Hiring architects next step in NHS renovation project

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This artistic rendition shows what a classroom in Naugatuck High School could look like following the renovation project. Now that the project has been approved, the borough is searching for architects to design the project. CONTRIBUTED

NAUGATUCK — Now that voters have approved an $81 million renovation of Naugatuck High School, the committee in charge of the project is working to choose the architectural firm that will design what is supposed to be a brand-new school using the existing shell at 543 Rubber Ave.

“Times are tough and this is a nice project,” said Robert Neth, chair of the Naugatuck High School Building Committee. “I’m sure everyone wants to get involved with a piece of the action.”

The borough posted a request for qualifications recently to solicit bids with a Nov. 30 deadline. Neth, Controller Wayne McAllister and former Board of Finance Chair Raymond Lennon Jr. will pick four finalists to interview Dec. 7 and then recommend a firm to the Board of Mayor and Burgesses, which will vote on the bid in mid-December, said Neth, who is also a burgess.

The chosen architects will play a major role in the project. They will design every aspect of the renovation in detail, develop construction documents and help select and manage the construction company that will carry out their plans. The building committee has not specified a maximum fee for bidders, and will choose the company that it feels is the most qualified even if that company does not propose the lowest fees, members said.

Kaestle Boos Associates, the New Britain-based firm that completed the feasibility study for the project complete with general schematic designs and the $81 million cost estimate, plans to submit a bid, Vice President David King said.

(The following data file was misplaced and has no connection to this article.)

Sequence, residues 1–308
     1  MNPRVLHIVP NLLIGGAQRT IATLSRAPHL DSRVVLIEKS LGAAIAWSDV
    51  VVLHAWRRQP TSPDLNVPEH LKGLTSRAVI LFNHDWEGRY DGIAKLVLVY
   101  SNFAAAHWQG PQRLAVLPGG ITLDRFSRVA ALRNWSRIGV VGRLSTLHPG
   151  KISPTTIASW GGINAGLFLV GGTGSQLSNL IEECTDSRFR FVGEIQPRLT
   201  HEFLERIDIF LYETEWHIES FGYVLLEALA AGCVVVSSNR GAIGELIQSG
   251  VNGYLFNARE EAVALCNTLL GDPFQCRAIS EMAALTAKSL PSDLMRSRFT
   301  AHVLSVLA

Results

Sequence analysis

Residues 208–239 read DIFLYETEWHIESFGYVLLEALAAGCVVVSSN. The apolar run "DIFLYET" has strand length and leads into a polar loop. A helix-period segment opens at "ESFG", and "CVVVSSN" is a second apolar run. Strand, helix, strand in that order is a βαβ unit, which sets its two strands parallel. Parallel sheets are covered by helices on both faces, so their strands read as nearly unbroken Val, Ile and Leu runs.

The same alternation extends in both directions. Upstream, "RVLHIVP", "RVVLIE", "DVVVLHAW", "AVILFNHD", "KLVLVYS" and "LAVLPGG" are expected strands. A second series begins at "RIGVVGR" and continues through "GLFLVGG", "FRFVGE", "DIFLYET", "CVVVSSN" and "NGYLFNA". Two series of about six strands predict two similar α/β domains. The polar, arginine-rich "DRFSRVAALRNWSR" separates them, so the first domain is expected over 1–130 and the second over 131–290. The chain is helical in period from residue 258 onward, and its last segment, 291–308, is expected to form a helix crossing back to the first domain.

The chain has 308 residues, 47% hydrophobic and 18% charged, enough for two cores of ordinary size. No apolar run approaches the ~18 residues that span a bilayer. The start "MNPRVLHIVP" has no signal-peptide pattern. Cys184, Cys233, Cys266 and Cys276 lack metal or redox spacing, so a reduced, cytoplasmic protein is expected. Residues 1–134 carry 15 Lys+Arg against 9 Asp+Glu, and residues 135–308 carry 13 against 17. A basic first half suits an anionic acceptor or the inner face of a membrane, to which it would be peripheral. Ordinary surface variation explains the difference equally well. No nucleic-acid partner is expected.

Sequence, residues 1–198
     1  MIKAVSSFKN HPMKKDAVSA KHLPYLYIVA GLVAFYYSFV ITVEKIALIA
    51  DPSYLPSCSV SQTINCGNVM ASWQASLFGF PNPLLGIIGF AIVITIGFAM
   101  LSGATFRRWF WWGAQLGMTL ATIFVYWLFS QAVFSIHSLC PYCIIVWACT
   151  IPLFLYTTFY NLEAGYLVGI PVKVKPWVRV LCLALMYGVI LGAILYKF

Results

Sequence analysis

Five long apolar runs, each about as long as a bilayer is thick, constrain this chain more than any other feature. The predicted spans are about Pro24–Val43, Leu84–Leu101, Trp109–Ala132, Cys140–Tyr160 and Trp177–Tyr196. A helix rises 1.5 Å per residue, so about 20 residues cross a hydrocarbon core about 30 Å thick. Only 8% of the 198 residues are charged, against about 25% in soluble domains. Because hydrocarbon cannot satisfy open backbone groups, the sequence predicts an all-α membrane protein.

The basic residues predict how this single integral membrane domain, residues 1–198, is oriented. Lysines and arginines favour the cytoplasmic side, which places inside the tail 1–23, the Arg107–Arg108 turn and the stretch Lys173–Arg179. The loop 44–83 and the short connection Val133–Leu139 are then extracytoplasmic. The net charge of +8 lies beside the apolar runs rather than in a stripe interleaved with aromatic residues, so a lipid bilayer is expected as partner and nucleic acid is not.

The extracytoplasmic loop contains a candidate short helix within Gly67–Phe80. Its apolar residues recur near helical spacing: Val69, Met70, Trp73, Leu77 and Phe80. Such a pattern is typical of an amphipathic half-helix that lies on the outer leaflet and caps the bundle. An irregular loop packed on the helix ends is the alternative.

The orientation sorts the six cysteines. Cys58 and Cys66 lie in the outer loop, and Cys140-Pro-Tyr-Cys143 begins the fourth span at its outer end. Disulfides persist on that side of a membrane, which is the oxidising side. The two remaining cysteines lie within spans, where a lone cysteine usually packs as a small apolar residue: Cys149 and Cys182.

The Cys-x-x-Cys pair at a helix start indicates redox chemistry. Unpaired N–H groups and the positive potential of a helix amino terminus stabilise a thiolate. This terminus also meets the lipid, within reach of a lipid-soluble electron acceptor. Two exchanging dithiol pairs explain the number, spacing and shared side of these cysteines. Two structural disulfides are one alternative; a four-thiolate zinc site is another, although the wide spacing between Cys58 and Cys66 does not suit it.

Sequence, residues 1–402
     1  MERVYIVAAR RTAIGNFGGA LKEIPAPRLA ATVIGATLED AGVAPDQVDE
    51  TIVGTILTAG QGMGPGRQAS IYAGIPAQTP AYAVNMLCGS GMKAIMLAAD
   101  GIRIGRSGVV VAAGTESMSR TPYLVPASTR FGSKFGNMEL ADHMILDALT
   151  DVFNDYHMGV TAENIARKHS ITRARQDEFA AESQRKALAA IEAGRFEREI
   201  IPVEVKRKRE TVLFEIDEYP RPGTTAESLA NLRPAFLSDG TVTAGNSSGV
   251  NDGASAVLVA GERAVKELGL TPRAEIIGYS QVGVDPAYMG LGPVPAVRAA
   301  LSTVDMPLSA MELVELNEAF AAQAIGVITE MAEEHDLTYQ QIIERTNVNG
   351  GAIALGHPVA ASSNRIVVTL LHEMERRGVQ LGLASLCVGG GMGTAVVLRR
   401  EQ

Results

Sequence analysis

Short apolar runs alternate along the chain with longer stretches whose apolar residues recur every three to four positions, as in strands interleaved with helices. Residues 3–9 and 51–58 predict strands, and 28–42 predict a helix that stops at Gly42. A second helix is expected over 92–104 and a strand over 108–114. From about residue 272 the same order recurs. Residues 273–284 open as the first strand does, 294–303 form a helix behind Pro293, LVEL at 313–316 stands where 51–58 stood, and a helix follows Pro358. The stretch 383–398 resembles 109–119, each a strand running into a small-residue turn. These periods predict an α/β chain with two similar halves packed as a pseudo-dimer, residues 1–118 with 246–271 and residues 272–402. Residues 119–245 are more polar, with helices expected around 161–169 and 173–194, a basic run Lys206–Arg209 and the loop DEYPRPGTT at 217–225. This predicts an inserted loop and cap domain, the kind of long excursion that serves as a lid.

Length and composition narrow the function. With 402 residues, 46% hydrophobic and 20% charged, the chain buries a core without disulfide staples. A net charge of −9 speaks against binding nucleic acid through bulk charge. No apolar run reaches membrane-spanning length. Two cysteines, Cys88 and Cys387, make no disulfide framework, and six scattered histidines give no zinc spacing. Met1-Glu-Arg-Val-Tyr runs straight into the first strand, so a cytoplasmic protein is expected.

“For us, it’s a continuation of an effort that we have started, and we want to see it through,” King said. “I hope everyone involved has been satisfied with the work that we have done, and we have been able to engender their trust so they want to continue with us.”

The borough paid Kaestle Boos $30,000, money available from previous capital projects that came in under budget, to do the study earlier this year for the Long-Term School Facilities Planning Committee. The study, as a professional service to the committee, did not have to go out to bid under the borough charter, Mayor Robert Mezzo said.

Kaestle Boos’s involvement in the project from its inception gives them an advantage in the bidding process, but they might not necessarily win the bid by default, officials said.

“They’ve spent a good deal of time preparing documents,” Mezzo said. “I think any company that does that takes a risk that they might end up doing all the work and not getting the project.”

Neth said Kaestle Boos has been “an integral part of the whole process,” but that he expected bids from eight to 12 firms.

“They’ll be treated the same as everybody else,” Neth said.

The project as proposed by Kaestle Boos would renovate classrooms, science labs, locker rooms, the auditorium, the gymnasiums, the pool and natatorium, the front entrance and the lobby to bring them up to code and install the latest technologies. The Board of Education offices would be relocated from the Tuttle Building on Church Street to underused space the school currently uses for shop classes. The sports fields would be reconfigured and synthetic turf would be installed on the football field, which would be used for soccer as well.

Kaestle Boos drew up plans for every level of the school and the grounds, but they are vague enough that a different firm could improve on them, officials said.

“Whoever it is, they’ll have to come up with a plan similar to what our conceptual view looks like,” Neth said.

The construction documents formulated by the architects will be submitted in an application to the state, which has to approve the project, Neth said. After state approval, the borough will go out to bid for a construction firm.

The borough must submit documents to the state before June 30 asking for partial reimbursement of the project’s costs. Mezzo said he expects to know the general amount the state will contribute before the project begins, but the state will determine reimbursable costs for each aspect of the project and send checks as the work is being done.